The callbacks in Thick as Thieves are everywhere. Even though many of our old friends from the previous four books don’t appear for the majority of the book, there are plenty of subtle nods to them. (I’ve only read this once, but I can tell that it, like the rest of the series, will reward the re-read.)

Anti-Bonus Factor: Slavery

Artistic rendering of slaves cutting sugarcane

Obviously, slavery is bad. (Unless you’re a Twitter troll, I guess, and then all bets are off.) I don’t mean this as an anti-bonus factor in that it detracted from my enjoyment of the book. I mean that reading about Kamet’s enslavement and his struggle with his new freedom hurt my heart. I guess it’s nice to know that I can experience a feeling. I guess

Slavery in this world is not defined by skin color. (Kamet’s complexion is described as “golden,” just like the Attolian’s.) On page 27, Turner describes slaves as being identifiable because they are bare-legged, and wear a straight shift and a golden chain (and a plaque inscribed with the name of their owner) around their necks. This also works in Kamet’s favor, because the only thing distinguishing him from a free man is that uniform. Kamet and the Attolian’s struggles blending in have more to do with language and customs.

Factor: Bridge Book

Usually I would call a bridge book an anti-bonus factor. After all, I went into this book so ready for the major conflict between the warring countries, to say nothing of desperately longing for more Eugenides, more Attolia, more Eddis. The war isn’t here, yet, but it has now been beautifully set up.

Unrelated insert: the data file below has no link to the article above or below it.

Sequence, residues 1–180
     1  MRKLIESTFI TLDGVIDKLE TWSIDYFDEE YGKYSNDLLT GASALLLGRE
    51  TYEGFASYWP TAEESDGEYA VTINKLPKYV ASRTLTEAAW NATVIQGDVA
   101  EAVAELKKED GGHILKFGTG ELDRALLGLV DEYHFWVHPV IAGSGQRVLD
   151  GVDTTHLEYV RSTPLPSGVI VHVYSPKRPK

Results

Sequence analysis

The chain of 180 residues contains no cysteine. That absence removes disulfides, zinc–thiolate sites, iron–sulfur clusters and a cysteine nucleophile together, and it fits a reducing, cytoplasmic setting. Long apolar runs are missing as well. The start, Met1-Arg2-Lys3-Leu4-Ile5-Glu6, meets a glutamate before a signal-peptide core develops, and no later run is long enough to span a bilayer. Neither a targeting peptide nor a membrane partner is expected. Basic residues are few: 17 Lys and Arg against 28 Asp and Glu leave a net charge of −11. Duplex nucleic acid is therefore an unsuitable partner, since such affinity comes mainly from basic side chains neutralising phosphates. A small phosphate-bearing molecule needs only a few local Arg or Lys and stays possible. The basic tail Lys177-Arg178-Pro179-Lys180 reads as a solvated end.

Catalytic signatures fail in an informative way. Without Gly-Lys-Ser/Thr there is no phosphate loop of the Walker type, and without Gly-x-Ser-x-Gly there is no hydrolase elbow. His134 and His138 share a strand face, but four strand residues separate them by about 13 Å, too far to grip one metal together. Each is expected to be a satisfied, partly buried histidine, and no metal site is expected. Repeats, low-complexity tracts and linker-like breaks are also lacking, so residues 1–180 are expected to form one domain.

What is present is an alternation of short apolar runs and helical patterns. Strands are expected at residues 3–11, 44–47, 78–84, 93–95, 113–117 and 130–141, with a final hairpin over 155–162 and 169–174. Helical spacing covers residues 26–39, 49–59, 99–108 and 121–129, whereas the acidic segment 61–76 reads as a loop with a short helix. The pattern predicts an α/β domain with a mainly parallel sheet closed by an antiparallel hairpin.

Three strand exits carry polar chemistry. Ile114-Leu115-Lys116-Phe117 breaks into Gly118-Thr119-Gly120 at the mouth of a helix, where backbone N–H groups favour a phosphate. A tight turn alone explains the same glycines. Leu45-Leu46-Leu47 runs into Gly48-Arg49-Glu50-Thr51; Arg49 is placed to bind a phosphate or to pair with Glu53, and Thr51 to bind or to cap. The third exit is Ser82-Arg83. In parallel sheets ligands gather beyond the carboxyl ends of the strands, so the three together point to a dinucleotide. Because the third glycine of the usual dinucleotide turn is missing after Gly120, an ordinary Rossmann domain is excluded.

The reason it’s not an anti-bonus factor is because Kamet and the Attolian’s story is important…in fact, you won’t have any clue why it’s so important until about the last fifty pages. I don’t toss around the word “masterful” often, but there it is. This is one hell of a masterful bridge book. I should have known.

Relationship Status: Intra-series Libertine

Book, I’m a real libertine when it comes to you and your four closest friends. I’ve dated you all and have come back to your friends, too, multiple times. I’m happy to say that you’re now firmly in my rotation, having given me the epic road trip adventure that I haven’t had since The Thief. Are you my favorite of the dates, so far? No—but that could change after I revisit you a few times. (Oh, my god, Becky. Look. At that. Bookslut.)

FTC Full Disclosure: I bought this book with my own damn money, because OBVIOUSLY, it’s MEGAN WHALEN TURNER. I received neither money nor a pet unicorn for writing this review, despite how hard I wished for one. Thick as Thieves is available now.